Private decision-making authority and/or parenting time evaluations are generally more involved than an evaluation by a court advisor. For example, private evaluations do involve a private psychologist or other qualified mental health expert who will conduct an in-depth investigation of both parents and the children. The expert may provide for psychological testing of the parents and obtain documents from the parties and other sources, such as prior counseling records and criminal records. The privately retained expert may interview the parties and children more often than a court advisor. (S)he may contact other people involved in the children's lives and determine if one of the parents is attempting to alienate the children from the other.
A private decision-making authority and/or parenting time assessment is paid for by one or both of the parents. Such evaluations cost generally between $3,000 and $5,000.
Modification of a Decision-Making and/or Parenting Time Order
A parent can request a modification of a child decision-making authority
and/or parenting time order if certain conditions are met:
- One year has lapsed since the current child decision-making authority
and/or parenting time order.
- The children's present environment may seriously endanger the child's physical, mental, moral or emotional health. The requesting party has the burden of proving that a substantial and continuing change of circumstances affects the welfare of the child.
- Domestic violence, spousal abuse or child abuse has occurred since the last
decision-making authority and/or parenting time order.
- Six months has lapsed since entry of the original order and the other parent is not complying with the provisions of the order.
In all cases, a modification of decision-making authority and/or parenting
time must be in the child's best interest.
How Old Does A Child Have To Be Before (S)he Decides Who (S)he Lives With?
In Arizona, a child's wishes can always be considered regardless of age, but the judge will make the final decision on where the child will live. In determining issues of child custody, the trial court is compelled to base its determinations on the best interests of the child as to the custodian. One of the factors the court must consider is the wishes of the child. The wishes of the child of a sufficient age to form an intelligent custody preference are persuasive, although not controlling.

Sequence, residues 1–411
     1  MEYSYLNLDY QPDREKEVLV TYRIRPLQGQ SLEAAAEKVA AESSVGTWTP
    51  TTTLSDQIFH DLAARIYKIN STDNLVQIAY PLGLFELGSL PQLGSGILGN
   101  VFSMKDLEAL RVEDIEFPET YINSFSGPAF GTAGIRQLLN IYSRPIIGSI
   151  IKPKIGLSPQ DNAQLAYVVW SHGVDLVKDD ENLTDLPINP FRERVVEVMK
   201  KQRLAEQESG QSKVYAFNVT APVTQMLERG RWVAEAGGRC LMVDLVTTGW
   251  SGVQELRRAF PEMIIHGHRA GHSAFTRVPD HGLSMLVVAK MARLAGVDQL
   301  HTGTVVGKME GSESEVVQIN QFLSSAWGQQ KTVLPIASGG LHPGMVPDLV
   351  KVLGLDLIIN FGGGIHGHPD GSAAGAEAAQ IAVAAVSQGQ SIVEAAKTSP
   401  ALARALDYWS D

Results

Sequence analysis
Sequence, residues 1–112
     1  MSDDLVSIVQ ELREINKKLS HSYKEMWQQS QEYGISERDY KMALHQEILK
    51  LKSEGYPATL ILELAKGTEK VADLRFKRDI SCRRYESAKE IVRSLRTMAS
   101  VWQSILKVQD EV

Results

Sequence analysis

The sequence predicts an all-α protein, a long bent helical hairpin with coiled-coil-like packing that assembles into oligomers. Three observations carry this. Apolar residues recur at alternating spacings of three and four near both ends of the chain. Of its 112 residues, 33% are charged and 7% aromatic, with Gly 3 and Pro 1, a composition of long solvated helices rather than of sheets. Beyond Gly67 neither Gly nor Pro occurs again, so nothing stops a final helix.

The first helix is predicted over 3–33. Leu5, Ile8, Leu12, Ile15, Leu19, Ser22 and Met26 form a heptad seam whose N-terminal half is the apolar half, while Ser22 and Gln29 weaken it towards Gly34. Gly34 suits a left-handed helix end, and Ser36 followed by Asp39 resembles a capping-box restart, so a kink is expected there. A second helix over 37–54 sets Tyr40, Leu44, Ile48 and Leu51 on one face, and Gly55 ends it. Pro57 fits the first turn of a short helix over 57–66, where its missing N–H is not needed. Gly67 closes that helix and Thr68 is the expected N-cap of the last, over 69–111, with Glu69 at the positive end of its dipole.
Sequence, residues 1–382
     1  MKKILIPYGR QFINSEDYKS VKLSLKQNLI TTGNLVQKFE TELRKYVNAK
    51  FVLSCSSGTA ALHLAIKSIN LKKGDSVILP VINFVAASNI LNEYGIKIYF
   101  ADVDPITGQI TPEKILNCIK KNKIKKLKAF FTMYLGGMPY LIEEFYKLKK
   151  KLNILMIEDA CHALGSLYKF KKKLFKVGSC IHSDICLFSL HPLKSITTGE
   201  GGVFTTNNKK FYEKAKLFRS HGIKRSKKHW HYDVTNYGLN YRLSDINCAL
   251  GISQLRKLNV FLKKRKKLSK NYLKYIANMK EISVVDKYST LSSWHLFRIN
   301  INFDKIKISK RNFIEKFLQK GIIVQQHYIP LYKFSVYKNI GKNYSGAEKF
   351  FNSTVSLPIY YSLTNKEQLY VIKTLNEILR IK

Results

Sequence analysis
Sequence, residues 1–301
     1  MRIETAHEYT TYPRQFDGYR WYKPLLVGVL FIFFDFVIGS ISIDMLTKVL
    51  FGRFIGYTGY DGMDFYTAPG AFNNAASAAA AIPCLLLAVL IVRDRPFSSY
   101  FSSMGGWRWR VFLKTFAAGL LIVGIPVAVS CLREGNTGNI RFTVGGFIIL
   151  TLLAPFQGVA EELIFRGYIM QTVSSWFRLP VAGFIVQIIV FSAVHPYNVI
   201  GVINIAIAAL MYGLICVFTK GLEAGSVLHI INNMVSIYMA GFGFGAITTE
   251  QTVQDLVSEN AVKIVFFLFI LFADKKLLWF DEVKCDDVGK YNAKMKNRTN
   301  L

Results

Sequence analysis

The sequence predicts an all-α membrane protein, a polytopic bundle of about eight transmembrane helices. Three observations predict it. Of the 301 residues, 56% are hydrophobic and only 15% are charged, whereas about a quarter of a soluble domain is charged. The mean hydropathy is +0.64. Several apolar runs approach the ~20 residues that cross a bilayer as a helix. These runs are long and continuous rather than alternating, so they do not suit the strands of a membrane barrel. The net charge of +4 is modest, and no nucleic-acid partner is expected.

Domestic Violence and Child Decision-Making Authority and/or Parenting Time
A judge has to consider the impact of domestic violence on your child when deciding issues of
decision-making authority and/or parenting time.
The Definition of Domestic Violence in Arizona
Arizona law defines domestic violence as the occurrence of a specific act or acts and one of the following relationships between the defendant and the victim applies:
- The victim and the defendant are spouses or former spouses or reside or have resided in the same household and are not married
- The victim and the defendant have a child in common
- The victim or the defendant is pregnant by the other party
- The victim is related to the defendant or the defendant's spouse by blood or court order as a parent, grandparent, child, grandchild, brother or sister, or by marriage as a parent-in-law, grandparent-in-law, step-parent, step-grandparent, stepchild, step-grandchild, brother-in-law or sister-in-law
- The victim is a child who resides or has resided in the same household as the defendant and is related by blood to a former spouse of the defendant or to a person who resides or who has resided in the same household as the defendant
The act committed must be one or more of the following:
- physical assault
- threatening words or conduct
- harassment by phone and/or in person
- unlawful imprisonment
- criminal trespass
- criminal damage
- disobeying a court order
- custodial interference
- abuse to a vulnerable adult or child
- certain crimes against children, and/or
- disorderly conduct, such as: fighting, reckless display of a dangerous instrument, discharge of a deadly weapon and/or abusive language
ARS § 25-403.03